Disability awareness calls for businesses and other organizations to learn about and comply with accessibility standards, like those in the Americans with Disabilities Act, as well as state and local codes. Since access barriers are still far too common, decades after accessibility standards have been in place, compliance would certainly be a plus.
But mere compliance is literally “the least we can do.” Accessibility standards are starting points. To move beyond disability awareness, aim for maximum ease of unassisted use and access for everyone — not the just minimum needed to avoid a lawsuit. And ask disabled people and their organizations for advice on making buildings and online services accessible and user friendly.
To provide better service to people with disabilities — especially employees and students — disability awareness emphasizes learning about and following the “reasonable accommodation” guidelines in the Americans with Disabilities Act. The standard approach for organizations has been to set clear policies for applying for and evaluating disabled people’s requests for accommodations. And the responsibility to accommodate disabled people has been understood to be limited to what is easy and inexpensive to provide.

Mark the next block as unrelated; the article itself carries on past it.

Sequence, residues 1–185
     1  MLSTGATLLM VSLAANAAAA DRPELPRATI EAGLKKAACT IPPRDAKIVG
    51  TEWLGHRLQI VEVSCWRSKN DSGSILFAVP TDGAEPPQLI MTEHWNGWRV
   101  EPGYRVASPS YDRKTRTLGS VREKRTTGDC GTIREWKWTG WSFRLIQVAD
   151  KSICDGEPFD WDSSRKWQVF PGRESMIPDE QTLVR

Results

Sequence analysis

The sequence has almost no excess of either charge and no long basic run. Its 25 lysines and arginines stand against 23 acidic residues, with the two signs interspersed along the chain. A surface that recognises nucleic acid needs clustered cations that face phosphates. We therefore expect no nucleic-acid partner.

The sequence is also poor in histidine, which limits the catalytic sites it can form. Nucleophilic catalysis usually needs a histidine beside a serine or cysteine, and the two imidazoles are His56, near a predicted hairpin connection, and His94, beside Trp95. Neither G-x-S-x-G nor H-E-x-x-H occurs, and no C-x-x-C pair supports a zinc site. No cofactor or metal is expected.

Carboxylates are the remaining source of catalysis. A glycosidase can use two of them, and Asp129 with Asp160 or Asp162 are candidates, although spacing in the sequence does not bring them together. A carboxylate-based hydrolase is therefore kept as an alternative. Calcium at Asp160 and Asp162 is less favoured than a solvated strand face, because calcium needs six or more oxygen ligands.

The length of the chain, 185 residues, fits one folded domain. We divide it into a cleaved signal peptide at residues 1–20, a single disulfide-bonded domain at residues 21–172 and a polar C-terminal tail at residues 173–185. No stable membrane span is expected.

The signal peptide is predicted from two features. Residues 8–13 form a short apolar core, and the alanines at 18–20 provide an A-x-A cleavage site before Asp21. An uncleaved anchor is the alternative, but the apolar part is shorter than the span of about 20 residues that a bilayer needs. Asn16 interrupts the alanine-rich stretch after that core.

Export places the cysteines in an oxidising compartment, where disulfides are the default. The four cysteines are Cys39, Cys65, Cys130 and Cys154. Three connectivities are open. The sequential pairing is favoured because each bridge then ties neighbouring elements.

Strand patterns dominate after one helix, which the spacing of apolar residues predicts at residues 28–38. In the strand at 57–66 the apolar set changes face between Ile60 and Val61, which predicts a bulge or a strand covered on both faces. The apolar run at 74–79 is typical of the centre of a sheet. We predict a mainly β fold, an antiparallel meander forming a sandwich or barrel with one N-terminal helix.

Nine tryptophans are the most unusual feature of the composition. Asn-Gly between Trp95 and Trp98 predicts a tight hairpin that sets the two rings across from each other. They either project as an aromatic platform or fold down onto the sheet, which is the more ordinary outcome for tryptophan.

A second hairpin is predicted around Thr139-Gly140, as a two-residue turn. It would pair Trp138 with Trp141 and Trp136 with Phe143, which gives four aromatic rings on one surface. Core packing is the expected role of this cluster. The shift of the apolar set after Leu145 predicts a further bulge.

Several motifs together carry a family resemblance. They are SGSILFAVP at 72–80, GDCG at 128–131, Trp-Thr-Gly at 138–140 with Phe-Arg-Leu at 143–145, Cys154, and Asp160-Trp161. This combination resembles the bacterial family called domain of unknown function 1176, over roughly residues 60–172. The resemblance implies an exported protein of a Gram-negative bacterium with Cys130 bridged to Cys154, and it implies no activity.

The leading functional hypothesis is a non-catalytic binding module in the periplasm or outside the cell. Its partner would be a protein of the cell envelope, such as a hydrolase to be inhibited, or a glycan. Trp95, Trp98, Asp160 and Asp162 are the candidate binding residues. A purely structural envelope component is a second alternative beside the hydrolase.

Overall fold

Businesses, schools, government, and other institutions can do better. Avoid making the accommodation process bureaucratic and difficult for disabled people. Give employees of all levels wide latitude to negotiate and provide accommodations without strict boundaries. Encourage provision of accommodations, don’t pressure employees and administrators to keep them to a minimum. Above all, consult disabled people themselves and as much as possible, follow their lead in deciding how to accommodate them. While most accommodations are “reasonable,” more challenging or profound modifications to standard practice shouldn’t be dismissed out of hand, if they would offer disabled people more meaningful access and opportunity
Understanding of Disability
Disability awareness teaches that disabled people deserve equal rights, support, and protection — and that disabled people want to be treated like everyone else. They don’t want to be “defined by” their disabilities. This is true, but only to a point, and in more complex ways than disability awareness tends to take into account.
Disabled people have equal rights, both ethically and by law, even when those rights seem to pose a degree of risk. Disabled people should never be abused, but they don’t necessarily always need protection. Support and protection is necessary for some disabled people, but they should be provided in forms disabled people prefer, not what others think they need. And disabled people certainly don’t want to be treated worse because of their disabilities, but also don’t want their disabilities themselves ignored or minimized. Many disabled people see their disabilities as an important part of who they are.
Most people start with basic awareness, and then move on from there. Some people start out further along, and progress even further. Some people make the journey naturally, through time and experience. Others need deliberate education and persuasion. And it’s not just non-disabled people. Disabled people themselves make the same journey, along the same continuum. Having a disability alone doesn’t always make a person disability “aware,” or automatically prompt them to more advanced disability thinking.